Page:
MEPS 336:249-265 (2007)  -  doi:10.3354/meps336249

Modeling the pelagic habitat of salmon off the Pacific Northwest (USA) coast using logistic regression

Hongsheng Bi1,*, Rachel E. Ruppel1, William T. Peterson2

1Cooperative Institute for Marine Resources Studies, Oregon State University, and 2National Marine Fisheries Service, Northwest Fisheries Science Center, Hatfield Marine Science Center, 2030 Marine Science Drive, Newport, Oregon 97365, USA

ABSTRACT: Defining marine habitat use for Pacific salmon Oncorhynchus spp. is important for effective resource management because salmon production has been linked to ocean conditions in the Northeast Pacific. Towards that goal, Chinook O. tshawytscha and coho salmon O. kisutch populations were sampled off Washington and Oregon, USA, in June 1998 to 2005 along with habitat variables including temperature, salinity, water depth, and chlorophyll a concentration. Correlation analysis and stepwise logistic regressions were run to identify the physical and biological factors that predict the presence of Chinook and coho salmon. Low zero-catch probability was used to indicate used habitat. For all life history stages, zero-catch probability decreased with increased chlorophyll concentration and decreased depth. Temperature was a significant predictor variable for subyearling Chinook and yearling coho presence based on stepwise logistic regression. The size of used habitat showed large spatial and temporal variations, where more used habitat occurred off Washington and the Columbia River mouth than off Oregon. This pattern may relate to a wider shelf and greater primary production to the north. The largest amount of used habitat occurred in 2000 and 2003 for all 5 life history stages examined. Sea-viewing Wide Field-of-Sensor (SeaWiFS) satellite images indicated high chlorophyll concentration in that period.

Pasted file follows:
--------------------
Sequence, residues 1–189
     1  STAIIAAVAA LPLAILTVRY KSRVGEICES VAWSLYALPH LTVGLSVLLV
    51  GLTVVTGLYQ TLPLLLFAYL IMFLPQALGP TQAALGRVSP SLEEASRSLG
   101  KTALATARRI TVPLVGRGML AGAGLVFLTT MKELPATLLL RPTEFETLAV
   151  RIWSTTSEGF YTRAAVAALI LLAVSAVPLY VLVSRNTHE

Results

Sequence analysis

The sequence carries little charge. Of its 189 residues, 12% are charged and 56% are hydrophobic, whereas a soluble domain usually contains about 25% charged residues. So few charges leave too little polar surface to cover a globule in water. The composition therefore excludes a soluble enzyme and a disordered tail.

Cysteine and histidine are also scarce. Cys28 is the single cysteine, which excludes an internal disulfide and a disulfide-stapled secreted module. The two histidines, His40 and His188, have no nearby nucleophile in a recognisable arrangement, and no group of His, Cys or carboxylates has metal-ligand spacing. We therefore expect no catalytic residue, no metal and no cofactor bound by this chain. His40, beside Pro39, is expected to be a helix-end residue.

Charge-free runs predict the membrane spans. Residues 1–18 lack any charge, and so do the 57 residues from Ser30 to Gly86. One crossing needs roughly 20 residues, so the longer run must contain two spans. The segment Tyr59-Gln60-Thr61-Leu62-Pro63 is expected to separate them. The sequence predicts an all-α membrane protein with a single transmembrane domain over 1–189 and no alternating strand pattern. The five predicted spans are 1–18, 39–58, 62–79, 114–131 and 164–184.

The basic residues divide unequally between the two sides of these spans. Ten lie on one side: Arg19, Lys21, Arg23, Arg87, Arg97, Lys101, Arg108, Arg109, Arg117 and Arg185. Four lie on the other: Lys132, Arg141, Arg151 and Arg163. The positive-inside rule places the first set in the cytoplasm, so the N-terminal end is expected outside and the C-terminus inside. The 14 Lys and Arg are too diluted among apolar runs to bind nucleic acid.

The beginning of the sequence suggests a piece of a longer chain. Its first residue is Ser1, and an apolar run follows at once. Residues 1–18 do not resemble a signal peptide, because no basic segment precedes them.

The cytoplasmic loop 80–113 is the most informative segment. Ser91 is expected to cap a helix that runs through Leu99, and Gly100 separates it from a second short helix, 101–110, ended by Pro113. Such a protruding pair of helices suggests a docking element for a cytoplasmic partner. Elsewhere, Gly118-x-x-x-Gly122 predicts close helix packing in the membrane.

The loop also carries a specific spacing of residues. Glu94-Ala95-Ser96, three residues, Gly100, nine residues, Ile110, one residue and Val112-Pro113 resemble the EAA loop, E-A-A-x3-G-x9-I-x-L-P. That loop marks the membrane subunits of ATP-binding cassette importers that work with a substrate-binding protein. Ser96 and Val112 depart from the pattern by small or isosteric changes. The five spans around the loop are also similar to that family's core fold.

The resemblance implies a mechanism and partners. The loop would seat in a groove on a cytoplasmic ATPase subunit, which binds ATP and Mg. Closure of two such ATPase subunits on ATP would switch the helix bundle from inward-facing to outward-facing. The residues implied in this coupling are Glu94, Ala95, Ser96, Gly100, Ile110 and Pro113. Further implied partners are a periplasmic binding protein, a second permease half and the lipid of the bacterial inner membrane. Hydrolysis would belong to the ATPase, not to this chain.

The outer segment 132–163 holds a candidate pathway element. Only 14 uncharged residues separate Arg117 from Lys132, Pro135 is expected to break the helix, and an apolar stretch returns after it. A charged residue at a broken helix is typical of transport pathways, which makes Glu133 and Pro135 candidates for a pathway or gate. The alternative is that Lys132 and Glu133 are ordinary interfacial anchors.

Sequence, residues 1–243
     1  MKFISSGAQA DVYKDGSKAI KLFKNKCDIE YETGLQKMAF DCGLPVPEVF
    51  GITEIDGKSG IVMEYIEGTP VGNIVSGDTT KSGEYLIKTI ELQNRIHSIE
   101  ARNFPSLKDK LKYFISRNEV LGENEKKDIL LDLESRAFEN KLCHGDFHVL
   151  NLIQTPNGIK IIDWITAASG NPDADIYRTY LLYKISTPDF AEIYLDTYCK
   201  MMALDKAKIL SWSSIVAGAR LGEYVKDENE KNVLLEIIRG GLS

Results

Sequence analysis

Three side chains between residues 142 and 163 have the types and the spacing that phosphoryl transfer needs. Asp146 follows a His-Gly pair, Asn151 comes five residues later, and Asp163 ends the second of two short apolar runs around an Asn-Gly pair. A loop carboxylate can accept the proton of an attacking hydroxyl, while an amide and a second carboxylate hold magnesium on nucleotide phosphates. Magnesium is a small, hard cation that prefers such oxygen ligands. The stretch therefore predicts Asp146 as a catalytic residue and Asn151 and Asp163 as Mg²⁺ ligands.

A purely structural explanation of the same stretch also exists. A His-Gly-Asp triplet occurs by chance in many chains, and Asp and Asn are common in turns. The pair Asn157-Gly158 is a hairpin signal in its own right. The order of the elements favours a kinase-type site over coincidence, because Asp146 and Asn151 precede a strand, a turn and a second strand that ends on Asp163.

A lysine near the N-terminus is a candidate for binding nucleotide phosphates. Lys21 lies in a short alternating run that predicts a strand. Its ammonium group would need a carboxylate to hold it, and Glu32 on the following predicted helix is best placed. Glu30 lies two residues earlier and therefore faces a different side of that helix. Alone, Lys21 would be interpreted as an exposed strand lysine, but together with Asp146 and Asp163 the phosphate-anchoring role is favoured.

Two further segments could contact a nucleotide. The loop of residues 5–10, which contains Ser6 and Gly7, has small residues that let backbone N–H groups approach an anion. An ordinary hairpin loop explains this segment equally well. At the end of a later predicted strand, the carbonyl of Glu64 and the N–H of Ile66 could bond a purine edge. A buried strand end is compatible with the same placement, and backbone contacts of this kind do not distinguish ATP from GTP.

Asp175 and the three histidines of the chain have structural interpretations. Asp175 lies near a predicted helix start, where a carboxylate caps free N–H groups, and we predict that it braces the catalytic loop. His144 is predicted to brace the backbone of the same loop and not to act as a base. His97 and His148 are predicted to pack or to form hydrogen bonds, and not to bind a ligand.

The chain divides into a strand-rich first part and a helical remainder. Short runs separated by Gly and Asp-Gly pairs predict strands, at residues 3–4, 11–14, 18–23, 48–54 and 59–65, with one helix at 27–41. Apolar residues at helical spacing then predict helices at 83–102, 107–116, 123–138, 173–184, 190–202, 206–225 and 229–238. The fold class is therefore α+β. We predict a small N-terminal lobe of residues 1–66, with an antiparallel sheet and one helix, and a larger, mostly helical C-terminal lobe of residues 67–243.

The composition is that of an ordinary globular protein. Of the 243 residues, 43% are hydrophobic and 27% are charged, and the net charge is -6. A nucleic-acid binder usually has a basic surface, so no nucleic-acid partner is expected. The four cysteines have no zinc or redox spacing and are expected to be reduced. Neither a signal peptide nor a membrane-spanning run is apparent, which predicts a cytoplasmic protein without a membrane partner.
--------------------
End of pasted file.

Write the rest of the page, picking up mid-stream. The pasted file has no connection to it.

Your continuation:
KEY WORDS: Salmon · Habitat modeling · Logistic regression · Chlorophyll a · Depth · Temperature · Salinity · Fisheries

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